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Split & Two Step
Begins: Jul 12, 2016
Date: Tue, Jul 12th, 2016
Start: Etna, California
End: Long Gulch Lake
Daily Distance: 13
Trip Distance: 13.0
Hours Hiked: 8.13
Daily Ascent: 4370
Daily Descent: 1499
Max Elevation: 7215
Entry Visits: 219
Journal Visits: 5,169
Guestbook Views: 21
Guestbook Entrys: 2
Not an easy first day!
Not an easy first day!
We rose at 7:00 to do our final preparations and were ready for our breakfast, which was served by our hostess, Vicky, promptly at 8:30am. It was a wonderful concoction of egg souffl decorated with sausage, tomatoes, avocado, and mushroom slices. The hash browns and crispy large biscuits with jam filled in the empty corners. All seven guests were delighted. It was sad to hear from Vicky that she and her husband Dave are putting the B&B up for sale this summer. It is a resource for all hikers in this area, as well as anyone visiting Etna.
We didn't finally depart until after 10:00am, but soon found ourselves driving slowly down the very curvy Coffee Creek Road, which eventually turned to a dirt road. We parked at the East Fork Coffee Creek trailhead, and left our car, which was at least momentarily shaded, at 12:15pm. We had a one-mile road walk to get to the North Fork Coffee Creek trailhead, seeing only two teenagers riding the opposite direction on an ATV during this dusty stroll. Even though the views were limited from the road, Two Step joyfully remarked on how blue the sky was and how green the pines. She was very excited to be heading back into the wilderness.
We reached our starting trailhead and immediately started up a 10% grade hill. I noted our starting elevation was about 3400ft, and the day was quite warm. We were definitely sweating buckets walking in the sun on the road, but the trail led us into the shade of the pines, and we would be in shade or dappled sunlight for the majority of the day.
We were rehiking a portion of one of the first trails we did when we first started backpacking back in 2006. I had few memories of the trail other than crossing a bridge and seeing fishermen in the creek, and visiting with rangers at Hodges Cabin about 3.2 miles from the trailhead. I had forgotten the continuous uphill climb. We reached the bridge over Coffee Creek after about an hour, and the ranger cabin after another half hour. We could no longer find a bridge to cross the creek to reach the cabin, and even though two chairs were sitting invitingly in front of the cabin, we didn't feel like fording the water. Since it was well after 2:00pm, we plopped down on a log and enjoyed a 40-minute lunch.
After lunch we continued following near the creek and soon were climbing across our second bridge. We saw two snakes as we hiked, one of which was a small rattlesnake, but through the entire day we would not see a single person. I was watching the elevation creep towards the mile high mark as we walked quickly up the trail. When we crossed the creek again, this time on some tricky rocks, Two Step got worried that we might have missed our turn-off. Unable to locate our exact position on our maps, I brought out our Garmin GPS and we quickly determined we had walked well beyond our turnoff. Turning around allowed us a short break in our uphill climb, but even moving quickly downhill it took 20 minutes to walk back to the almost nonexistent side trail. But there was a well aged wood sign about 30 feet off the trail.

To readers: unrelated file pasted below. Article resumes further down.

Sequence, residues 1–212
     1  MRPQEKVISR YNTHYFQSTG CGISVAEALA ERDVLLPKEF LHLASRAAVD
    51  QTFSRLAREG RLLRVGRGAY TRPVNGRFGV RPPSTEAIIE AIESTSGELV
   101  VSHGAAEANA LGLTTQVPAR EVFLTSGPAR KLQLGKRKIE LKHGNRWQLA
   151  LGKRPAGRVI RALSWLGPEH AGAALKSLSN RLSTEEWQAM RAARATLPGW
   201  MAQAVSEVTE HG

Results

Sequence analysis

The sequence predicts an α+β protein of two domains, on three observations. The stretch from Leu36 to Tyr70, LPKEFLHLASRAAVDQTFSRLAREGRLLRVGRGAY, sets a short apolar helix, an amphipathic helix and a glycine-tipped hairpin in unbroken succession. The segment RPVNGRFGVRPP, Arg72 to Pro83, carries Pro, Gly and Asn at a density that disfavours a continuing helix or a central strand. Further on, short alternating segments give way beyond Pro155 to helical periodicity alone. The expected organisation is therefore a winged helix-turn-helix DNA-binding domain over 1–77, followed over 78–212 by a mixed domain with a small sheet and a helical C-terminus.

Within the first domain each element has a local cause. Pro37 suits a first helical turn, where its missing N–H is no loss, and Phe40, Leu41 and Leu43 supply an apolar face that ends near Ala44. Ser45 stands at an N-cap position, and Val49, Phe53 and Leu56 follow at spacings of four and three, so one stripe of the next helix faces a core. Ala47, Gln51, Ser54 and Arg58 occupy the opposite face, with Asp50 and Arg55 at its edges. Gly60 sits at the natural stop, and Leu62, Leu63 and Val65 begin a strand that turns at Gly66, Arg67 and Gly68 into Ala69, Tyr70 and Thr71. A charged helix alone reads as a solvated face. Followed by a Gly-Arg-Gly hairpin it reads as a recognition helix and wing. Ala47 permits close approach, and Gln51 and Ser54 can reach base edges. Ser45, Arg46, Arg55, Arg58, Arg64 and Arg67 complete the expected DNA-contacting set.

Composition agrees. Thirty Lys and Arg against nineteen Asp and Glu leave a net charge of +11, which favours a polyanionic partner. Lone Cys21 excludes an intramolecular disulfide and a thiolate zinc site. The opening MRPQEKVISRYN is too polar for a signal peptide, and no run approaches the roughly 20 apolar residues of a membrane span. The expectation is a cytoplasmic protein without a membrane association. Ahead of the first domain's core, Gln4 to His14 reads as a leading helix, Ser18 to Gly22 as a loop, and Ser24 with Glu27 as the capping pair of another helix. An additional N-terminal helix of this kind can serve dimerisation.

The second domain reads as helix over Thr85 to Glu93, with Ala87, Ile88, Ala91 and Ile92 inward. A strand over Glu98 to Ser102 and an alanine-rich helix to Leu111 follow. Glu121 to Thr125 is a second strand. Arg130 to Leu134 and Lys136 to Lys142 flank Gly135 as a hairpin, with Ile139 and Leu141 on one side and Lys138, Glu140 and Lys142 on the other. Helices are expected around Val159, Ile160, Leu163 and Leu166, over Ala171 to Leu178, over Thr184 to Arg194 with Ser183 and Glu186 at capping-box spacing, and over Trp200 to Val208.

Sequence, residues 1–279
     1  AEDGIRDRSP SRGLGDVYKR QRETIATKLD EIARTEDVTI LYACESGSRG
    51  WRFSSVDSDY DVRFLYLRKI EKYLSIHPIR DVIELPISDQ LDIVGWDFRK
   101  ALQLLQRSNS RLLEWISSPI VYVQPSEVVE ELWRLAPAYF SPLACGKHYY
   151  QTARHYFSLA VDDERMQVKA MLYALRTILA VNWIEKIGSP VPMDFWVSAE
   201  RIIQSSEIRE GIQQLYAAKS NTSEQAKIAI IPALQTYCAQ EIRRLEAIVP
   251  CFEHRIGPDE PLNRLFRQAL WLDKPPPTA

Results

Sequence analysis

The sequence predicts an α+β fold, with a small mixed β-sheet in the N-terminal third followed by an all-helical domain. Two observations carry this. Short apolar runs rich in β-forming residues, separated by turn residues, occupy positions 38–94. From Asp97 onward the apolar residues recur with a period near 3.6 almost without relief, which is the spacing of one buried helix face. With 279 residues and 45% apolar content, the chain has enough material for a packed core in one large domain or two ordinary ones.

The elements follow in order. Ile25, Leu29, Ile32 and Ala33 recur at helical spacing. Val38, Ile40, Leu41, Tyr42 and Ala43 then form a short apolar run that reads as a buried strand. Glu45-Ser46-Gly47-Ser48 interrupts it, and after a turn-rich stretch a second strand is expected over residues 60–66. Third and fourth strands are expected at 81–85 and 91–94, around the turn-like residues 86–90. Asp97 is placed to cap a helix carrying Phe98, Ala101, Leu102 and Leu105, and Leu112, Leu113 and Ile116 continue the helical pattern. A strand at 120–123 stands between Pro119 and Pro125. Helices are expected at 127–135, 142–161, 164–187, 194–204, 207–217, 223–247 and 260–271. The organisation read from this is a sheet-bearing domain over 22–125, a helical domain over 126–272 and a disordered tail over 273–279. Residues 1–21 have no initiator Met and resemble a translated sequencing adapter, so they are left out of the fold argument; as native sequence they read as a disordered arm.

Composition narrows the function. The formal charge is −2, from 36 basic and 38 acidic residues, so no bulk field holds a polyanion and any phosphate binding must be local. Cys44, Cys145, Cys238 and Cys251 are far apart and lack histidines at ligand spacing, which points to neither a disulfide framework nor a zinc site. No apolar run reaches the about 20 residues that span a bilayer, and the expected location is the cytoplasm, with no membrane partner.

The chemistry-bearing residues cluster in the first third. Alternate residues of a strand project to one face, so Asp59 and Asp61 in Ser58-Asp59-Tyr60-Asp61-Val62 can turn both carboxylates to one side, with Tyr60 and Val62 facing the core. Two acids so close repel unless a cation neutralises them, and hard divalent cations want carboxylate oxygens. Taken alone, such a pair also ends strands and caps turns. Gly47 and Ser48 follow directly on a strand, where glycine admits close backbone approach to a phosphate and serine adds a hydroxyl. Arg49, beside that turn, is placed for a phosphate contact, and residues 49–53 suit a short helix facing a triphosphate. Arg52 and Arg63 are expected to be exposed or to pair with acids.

The rest of the afternoon was an exercise in navigating hard-to-find trails. We relied heavily on our Garmin, eventually scrambling through miles of rocks and bushwacking through bogs and 8-foot high brush to try to stay on what was obviously an unmaintained trail. Just before our navigation "guide" directed us towards a bog, we heard a large cacophony of high pitched yaps and yowls. At first we thought someone had brought along a pack of dogs, but we soon saw 3 large coyotes prancing through the boggy Meadow. Not sure how wise it was to be following a large pack, we trudged forward.
We realized something was seriously wrong when it was after 7:00pm and our Garmin was directing us up a 35% slope over rocks and roots with not the slightest hint of a trail. We knew the actual trail must have been relocated, but we were out of water and only a couple miles away from a lake that was our goal for the night. We climbed over 1000ft to reach 7200ft - much higher than we had expected to go today - and to reach the top of a ridge. Here we finally found a well-worn trail with switchbacks down about 1000ft to a beautiful lake. It had been an 8-hour hike and over a 4000ft climb. Not the easy warm-up day we had planned.
With camp set up and our dinner consumed, we looked over our recently procured, up to date forest service map. It was straightforward to see on the updated map where we had taken our wrong turn, and also see that the Garmin "trail" we had followed was no longer on the map. Tomorrow, we will partially retrace our path to climb out of the way we came in, but try to do it on the maintained path this time!
From the Trinity Alps,
Split and Two Step
Split And Two Step's Trinity Alps Trek
Other Trail is located off the beaten path, somewhere between the soles of your feet and your imagination.
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